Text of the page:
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How To Practice Crow Pose (Bakasana)

Updated: Jul 11, 2023


Photo by Rilind Modigliani

So you're ready to dive into the world of arm balances but not quite sure how to begin? Crow pose is a wonderful introduction to arm balancing as you've probably already encountered some of the ideal preparatory poses for crow within your standard yoga practice. Below, I'm going to share some poses to work on if you are total newbie. Ready to fly?


1. Start off with a gentle hip opener such as child's pose. Take your knees out as wide as you'd like, big toes together, and stretch your arms in front, resting your forehead on the mat. Breathe, and bring your attention inwards, becoming fully present in your body.


2. Come on to all fours and stretch out your wrists. Some nice wrist stretches include palms on the ground with fingers pointing towards your knees. Gently take the hips back towards your heels. You can also flip one palm over, and then the other, to get a different stretch.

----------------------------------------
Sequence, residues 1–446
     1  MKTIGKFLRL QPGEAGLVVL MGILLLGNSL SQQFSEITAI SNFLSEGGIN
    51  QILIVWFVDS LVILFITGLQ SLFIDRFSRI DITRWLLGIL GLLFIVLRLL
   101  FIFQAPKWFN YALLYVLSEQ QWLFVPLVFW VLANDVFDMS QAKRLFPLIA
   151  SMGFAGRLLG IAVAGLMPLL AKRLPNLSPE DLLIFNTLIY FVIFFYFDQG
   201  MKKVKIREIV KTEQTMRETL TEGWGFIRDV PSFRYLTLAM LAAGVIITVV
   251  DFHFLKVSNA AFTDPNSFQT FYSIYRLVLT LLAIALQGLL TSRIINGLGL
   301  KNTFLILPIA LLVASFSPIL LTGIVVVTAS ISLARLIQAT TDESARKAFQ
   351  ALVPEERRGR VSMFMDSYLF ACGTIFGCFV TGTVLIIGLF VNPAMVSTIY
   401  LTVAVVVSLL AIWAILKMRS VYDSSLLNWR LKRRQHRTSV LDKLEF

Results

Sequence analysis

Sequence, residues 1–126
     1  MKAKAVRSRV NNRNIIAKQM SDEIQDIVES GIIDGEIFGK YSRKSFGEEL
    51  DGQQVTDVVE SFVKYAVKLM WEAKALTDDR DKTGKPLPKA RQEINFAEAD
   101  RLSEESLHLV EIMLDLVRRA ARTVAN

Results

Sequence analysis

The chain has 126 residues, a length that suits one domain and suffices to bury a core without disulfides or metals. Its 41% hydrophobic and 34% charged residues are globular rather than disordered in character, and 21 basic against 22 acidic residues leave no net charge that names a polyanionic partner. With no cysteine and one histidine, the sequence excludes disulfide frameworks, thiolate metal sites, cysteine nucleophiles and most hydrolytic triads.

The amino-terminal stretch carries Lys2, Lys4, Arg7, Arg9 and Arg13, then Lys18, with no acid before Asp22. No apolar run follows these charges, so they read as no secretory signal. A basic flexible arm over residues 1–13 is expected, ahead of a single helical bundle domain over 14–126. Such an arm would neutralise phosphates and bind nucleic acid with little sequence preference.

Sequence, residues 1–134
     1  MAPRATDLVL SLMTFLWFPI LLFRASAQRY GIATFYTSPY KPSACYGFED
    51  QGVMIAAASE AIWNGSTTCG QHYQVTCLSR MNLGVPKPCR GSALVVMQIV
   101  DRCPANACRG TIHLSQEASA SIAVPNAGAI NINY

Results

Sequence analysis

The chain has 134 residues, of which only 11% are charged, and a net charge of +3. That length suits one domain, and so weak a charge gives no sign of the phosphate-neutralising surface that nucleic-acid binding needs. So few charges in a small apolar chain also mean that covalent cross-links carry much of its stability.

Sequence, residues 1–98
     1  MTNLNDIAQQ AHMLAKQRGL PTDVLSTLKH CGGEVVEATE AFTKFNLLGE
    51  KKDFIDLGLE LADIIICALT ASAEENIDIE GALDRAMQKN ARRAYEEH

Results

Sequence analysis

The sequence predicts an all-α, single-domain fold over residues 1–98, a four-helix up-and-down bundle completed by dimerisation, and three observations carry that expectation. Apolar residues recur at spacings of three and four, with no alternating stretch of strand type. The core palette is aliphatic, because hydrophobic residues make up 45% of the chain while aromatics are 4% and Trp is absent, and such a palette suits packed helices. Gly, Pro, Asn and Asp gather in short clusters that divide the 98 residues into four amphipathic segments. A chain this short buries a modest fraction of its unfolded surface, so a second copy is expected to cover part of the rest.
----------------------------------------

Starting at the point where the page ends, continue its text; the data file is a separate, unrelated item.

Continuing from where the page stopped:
3. Move through a few cat / cows to warm up your spine. Rounding the back will be especially important in crow pose so focus on drawing your bellybutton in towards your spine and expanding through your shoulder blades to round the back.


4. Come into extended table top by stretching one leg behind and the opposite arm forward. Then take your elbow and knee towards each other as you round the back. Alternate with extending the arm and leg again, and then switch sides after a few rounds. Inhale when you extend, exhale when you crunch in. This will warm up your core which will be essential for finding your balance in crow.


5. Move through a few sun salutations to warm up, with special attention to your chaturanga. Practice drawing your elbows in close to your rib cage in your chaturanga by spinning your outer upper arms in to your center. Firm up your core and squeeze everything in to your midline. In crow pose we are going to want to think chaturanga arms.


6. From three legged dog, practice drawing your knee towards your nose as you round your back. Inhale as you extend, exhale as you crunch in. This will build core strength to help with your balance and further open up your back so you can get your knees higher up your arm in your crow. Repeat several times on both sides.